No way, I said to myself. In my years as a master of blending in, I could not bring myself to associating little old me with words like enveloping, intriguing and magnetic. And I was the furthest thing from sensual! Right-up was the answer. It had to be!

So, was this yet another system in which I found ‘the best option’ or ‘the one I probably am’ and disappointedly looked further for yet another magic pill? Impulsively, and entirely certain I was going to be validated in my right-upness, I booked a style talk with Rita herself.

The enigmatic siren

First of all, if anyone reading this is on the fence about booking any type of time with Rita, I just want to push you as hard as I can over to this side of the fence. Rita is a brilliant and kind soul, and if you are in need of this kind of guidance, I am convinced it is the best guidance you can wish for. I do not exaggerate when I say that the time I spent with her changed my life.

Despite her gentleness, she meant business. ‘Can I be blunt with you?’ she asked me once I had half-heartedly explained my search for the aesthetic that would solve all my problems. ‘This isn’t working.’

She asked me about my history with style, and to my great surprise now, I did not remember the fun I had had with it in my youth. Maybe I had written it off as bad, not actually style, or embarrassing. Instead of that, I trauma dumped and cried, lamenting about my inability to express myself for fear of judgment.

Rita said that I have left-up essence, and the archetypes she picked for me were the Enigma and the Siren. Left essence only clicked when she explained it to me in our style talk. I had never considered actively dressing to express myself as being a factor in my style, even though once upon a time it had been a knee-jerk reaction for me.

It had been my belief that dressing for “your internal qualities” was a fluke — mainly because I had no idea how to do it; clothes and qualities seemed such different disciplines that I felt overwhelmed in beginning to explore the translation from one to the other. When I was let free to pursue what things meant to me, and how I could acommodate the qualities about myself that I wanted to make space for so they would show through, it clicked for me: I like to dress in a way that makes me look beautiful, but just being flattered by my clothes cannot satisfy me and bring me to my style dreams. There needs to be more to it.

With wind beneath my wings, I embarked on my journey back home to myself.

Riding my own bike

Whether intentionally or not, giving me these two archetypes was genius. Initially, when I was coming out of my shell, I began exploring the Enigma almost exclusively. To me, that meant I could still dress in a more understated way while I got used to my new attitude to my style. I could not possibly have gone from what I was doing then to what I am doing now, I had to start small and test the waters. The things I wore were laughably simple for how daring I felt it was at the time. Linen pants instead of jeans… to the office? Escándalo! A blazer that isn’t fitted and black? Who does she think she is?! Dying my hair? Quelle horreur! Each step I took in the right direction gave me renewed confidence, after the initial worries about people’s reactions wore off. I had worried for naught: people were nothing but lovely to me. It turned out that they were not nice to me just because I dressed a certain way. The more I came out of my shell, the further up I allowed myself to travel into the Siren archetype.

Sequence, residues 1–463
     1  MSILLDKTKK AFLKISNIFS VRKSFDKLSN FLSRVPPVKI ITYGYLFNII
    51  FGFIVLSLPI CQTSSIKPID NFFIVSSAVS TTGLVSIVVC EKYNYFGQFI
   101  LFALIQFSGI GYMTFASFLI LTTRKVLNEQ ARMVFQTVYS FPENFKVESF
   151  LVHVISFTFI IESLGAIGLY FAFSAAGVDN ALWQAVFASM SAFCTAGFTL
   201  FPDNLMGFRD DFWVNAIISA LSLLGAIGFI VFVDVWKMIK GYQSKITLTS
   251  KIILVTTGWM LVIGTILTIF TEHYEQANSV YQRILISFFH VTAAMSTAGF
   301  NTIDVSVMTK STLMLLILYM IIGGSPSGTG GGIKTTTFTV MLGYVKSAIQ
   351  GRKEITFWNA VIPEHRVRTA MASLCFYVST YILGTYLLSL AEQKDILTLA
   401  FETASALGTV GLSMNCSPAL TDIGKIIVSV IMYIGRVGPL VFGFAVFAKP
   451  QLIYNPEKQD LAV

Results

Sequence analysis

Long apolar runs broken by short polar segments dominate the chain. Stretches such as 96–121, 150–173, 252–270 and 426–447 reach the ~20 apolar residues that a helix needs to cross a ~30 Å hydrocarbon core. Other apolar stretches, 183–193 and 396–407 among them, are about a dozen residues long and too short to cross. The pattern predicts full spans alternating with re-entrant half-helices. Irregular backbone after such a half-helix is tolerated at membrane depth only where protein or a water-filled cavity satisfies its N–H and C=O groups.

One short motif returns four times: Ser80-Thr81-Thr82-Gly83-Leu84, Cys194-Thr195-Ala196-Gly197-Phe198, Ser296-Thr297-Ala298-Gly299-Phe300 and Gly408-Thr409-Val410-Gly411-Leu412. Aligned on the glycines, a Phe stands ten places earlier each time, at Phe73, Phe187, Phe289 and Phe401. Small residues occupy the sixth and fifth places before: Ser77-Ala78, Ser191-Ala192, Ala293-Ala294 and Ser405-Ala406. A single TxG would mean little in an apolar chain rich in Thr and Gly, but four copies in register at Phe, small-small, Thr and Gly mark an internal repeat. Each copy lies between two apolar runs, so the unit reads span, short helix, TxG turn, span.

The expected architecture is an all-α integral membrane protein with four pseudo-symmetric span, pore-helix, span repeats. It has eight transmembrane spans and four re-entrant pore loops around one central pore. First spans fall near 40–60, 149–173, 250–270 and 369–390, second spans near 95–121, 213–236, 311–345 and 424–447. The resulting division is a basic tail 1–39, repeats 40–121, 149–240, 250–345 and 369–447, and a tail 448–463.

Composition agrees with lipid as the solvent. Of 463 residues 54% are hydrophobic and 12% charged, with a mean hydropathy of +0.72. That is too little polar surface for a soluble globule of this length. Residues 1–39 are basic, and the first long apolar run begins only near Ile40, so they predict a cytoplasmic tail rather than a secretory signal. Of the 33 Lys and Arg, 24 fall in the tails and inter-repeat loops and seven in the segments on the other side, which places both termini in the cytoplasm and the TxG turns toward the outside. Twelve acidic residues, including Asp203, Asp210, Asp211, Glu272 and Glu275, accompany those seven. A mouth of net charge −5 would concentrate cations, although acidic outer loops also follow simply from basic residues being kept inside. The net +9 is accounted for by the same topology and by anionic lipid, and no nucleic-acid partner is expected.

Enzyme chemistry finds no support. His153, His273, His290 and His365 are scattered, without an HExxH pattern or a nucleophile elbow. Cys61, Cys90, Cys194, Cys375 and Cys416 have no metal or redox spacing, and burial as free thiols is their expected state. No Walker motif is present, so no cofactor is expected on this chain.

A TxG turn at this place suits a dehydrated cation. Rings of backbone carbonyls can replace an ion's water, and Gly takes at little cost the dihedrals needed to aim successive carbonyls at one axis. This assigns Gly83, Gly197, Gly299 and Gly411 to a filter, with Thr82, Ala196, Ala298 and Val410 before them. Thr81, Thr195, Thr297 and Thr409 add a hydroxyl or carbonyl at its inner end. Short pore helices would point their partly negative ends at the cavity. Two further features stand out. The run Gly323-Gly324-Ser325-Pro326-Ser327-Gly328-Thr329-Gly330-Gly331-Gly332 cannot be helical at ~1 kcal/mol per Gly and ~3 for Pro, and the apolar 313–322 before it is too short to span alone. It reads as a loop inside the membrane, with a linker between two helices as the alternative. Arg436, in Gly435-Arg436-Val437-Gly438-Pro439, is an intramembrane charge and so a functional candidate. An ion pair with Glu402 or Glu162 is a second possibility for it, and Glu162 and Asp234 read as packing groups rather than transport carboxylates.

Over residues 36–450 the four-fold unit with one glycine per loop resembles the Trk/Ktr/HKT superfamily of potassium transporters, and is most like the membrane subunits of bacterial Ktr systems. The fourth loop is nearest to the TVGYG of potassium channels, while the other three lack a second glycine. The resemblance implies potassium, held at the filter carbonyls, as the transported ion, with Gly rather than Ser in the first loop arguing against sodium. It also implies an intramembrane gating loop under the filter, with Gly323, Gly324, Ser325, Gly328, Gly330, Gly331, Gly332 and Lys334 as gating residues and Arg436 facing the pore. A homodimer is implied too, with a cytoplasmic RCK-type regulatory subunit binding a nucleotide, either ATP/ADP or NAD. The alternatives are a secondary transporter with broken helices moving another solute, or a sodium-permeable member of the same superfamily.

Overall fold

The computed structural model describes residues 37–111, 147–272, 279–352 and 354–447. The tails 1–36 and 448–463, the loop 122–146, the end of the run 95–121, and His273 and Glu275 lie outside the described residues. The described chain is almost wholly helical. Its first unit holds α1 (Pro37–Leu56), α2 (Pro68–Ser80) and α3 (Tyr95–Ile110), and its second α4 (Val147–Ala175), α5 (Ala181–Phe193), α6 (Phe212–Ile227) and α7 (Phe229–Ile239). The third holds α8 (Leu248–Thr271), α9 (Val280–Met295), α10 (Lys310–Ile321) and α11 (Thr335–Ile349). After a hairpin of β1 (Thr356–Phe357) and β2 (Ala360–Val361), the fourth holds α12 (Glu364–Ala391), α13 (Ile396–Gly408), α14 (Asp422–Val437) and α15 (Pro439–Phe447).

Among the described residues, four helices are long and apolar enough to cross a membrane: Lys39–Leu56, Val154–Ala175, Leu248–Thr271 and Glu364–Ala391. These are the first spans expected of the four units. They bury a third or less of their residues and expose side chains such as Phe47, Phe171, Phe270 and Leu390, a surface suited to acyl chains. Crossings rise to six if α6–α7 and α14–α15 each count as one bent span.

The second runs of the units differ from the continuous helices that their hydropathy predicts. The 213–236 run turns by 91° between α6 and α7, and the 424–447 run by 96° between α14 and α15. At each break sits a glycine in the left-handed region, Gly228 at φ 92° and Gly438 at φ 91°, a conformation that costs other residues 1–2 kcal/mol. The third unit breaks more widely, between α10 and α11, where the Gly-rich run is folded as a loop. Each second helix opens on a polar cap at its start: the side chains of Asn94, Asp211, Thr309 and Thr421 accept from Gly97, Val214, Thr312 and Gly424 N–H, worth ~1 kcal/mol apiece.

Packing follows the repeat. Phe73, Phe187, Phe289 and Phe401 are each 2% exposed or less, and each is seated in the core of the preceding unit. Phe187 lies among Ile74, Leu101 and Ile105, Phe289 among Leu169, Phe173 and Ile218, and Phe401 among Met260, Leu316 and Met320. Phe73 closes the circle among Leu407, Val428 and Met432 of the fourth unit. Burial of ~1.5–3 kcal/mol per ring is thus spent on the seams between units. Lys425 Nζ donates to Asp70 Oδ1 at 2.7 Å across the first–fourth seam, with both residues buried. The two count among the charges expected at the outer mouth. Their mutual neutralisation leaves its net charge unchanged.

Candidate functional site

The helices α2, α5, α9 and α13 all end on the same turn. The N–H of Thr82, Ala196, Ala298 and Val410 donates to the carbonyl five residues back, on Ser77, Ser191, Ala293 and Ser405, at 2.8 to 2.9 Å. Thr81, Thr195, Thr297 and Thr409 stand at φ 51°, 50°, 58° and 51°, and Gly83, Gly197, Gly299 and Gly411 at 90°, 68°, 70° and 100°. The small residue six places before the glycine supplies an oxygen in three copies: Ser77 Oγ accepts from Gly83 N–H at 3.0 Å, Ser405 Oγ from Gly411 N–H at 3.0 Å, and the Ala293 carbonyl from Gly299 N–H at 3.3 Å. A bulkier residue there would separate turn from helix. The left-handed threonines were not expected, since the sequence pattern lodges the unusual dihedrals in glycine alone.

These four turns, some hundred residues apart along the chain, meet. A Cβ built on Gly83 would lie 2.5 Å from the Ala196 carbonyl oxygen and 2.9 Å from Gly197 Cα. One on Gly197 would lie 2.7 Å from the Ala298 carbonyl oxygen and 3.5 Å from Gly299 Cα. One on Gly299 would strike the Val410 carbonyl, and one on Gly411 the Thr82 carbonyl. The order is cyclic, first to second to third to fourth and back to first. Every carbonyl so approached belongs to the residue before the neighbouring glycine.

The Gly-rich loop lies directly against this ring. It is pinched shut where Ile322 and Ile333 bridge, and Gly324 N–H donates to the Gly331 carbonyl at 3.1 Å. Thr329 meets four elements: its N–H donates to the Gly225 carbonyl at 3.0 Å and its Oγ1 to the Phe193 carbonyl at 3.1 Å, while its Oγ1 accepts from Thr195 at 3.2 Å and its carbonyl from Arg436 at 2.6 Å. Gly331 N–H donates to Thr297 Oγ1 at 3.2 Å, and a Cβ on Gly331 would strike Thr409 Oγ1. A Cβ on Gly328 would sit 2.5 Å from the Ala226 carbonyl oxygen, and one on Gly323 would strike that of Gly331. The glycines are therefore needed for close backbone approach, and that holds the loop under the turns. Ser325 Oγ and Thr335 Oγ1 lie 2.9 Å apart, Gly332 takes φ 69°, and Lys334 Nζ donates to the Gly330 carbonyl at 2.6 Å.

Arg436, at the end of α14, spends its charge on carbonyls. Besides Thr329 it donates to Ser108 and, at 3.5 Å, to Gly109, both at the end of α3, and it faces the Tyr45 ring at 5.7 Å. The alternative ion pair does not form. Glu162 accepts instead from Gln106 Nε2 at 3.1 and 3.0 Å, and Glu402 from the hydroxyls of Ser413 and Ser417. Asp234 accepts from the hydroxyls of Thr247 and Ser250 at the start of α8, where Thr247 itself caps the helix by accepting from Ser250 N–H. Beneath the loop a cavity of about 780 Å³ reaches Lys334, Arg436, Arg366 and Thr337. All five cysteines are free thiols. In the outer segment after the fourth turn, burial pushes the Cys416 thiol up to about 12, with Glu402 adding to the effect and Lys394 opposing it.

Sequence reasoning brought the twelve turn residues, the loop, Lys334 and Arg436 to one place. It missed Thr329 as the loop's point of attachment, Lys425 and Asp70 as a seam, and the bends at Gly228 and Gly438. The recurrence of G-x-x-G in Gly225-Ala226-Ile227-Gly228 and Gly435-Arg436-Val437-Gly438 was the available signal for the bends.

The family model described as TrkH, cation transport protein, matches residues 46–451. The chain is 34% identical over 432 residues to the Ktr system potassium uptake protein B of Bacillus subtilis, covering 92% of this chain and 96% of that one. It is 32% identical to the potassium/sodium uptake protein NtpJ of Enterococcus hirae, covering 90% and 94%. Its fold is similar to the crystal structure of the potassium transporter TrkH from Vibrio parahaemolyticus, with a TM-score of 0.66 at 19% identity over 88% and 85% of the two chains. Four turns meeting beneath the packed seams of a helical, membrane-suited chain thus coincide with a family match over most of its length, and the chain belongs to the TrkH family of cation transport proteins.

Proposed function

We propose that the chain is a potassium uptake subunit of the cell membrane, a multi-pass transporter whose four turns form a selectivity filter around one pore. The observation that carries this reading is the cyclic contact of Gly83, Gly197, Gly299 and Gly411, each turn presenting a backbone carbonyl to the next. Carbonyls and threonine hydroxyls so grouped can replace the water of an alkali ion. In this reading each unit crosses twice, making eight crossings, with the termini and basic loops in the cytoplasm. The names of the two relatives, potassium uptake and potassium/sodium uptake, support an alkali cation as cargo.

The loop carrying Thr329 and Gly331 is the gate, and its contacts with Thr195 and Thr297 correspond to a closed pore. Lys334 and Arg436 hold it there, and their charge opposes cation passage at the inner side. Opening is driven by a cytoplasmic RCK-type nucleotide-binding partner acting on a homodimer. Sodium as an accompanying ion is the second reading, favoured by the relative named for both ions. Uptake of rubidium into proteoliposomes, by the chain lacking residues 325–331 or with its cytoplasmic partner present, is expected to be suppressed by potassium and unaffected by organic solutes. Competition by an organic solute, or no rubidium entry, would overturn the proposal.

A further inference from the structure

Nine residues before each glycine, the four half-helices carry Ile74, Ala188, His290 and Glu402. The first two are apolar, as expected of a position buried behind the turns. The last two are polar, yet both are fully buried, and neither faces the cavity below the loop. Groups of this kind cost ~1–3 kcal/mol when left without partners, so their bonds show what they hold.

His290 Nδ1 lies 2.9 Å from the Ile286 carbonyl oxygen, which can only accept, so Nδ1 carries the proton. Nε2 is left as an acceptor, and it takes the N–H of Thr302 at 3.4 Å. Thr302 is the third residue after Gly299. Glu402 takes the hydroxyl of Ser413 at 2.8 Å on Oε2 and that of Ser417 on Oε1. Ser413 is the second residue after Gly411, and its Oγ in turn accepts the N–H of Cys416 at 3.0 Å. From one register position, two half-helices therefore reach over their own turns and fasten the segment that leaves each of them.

It was not only sunshine and roses, though. There was a lot of doubt halfway through this journey that was brought on by the perceptions that I believed people would have about me. I have always been a person with a deep contradiction: on the one hand I am a chaotic creative who authored her first book, and on the other I am a level-headed Capricorn in law school. It felt as though I could not reconcile the part of me that was conventional and practical with my reclaimed joy of eccentric, authentically strange dressing. I felt at sea in my own self again. Was Rita wrong about my essence? Was I just a convincing imposter?

The thing is that I now have a very sophisticated compass on my style, even when I feel like an imposter. I am led by my body; I sense myself in the clothes not just with comfort but with the sort of poise I feel in my shoulders and arms, how my torso elongates and my stride lengthens.

When I worry about being ‘too much’, ‘too strange’, whatever it may be, I am met with resistance from my body when I push back against what I know it needs and desires, what I need and desire. I tense up, in the way that I have tensed up for years, and it feels bad enough not to wish it upon myself anymore. And thus, I am led back to myself.


And who is that self I come home to?

I still pingpong between the Enigma and the Siren, and I believe the Enigma is my happy home base with the Siren to bolster when I feel like it. The clothing I wear is inspired by my art, by my personality, with the characteristics I enjoy expressing, and I unapologetically dress to impact others to a degree — though usually in a mysterious way rather than a glamorous one. I have set myself free to dress how I want, and it has made me far more comfortable and confident in my own skin.

I am free to be myself and to explore safely, as I am behind the glass of the energetic barrier I create and I know I am guided by my own compass of style.

Somehow, I cannot even fathom how I felt before. It feels as though I am a fundamentally changed person, a person with so much more ease when it comes to how I am perceived, and the tools to dress in a way that retrieved the burning coal of discontent out from my innards.

It is a gift to have been able to work with Rita and to be able to be taught these skills that brought me back home. I hope that I can forward a gift of sorts: a permission slip for closeted eccentrics to get out there, an encouragement to follow in my footsteps if you so desire, and an even stronger encouragement to dive headfirst into Rita’s wonderful system, and begin your travels back to yourself.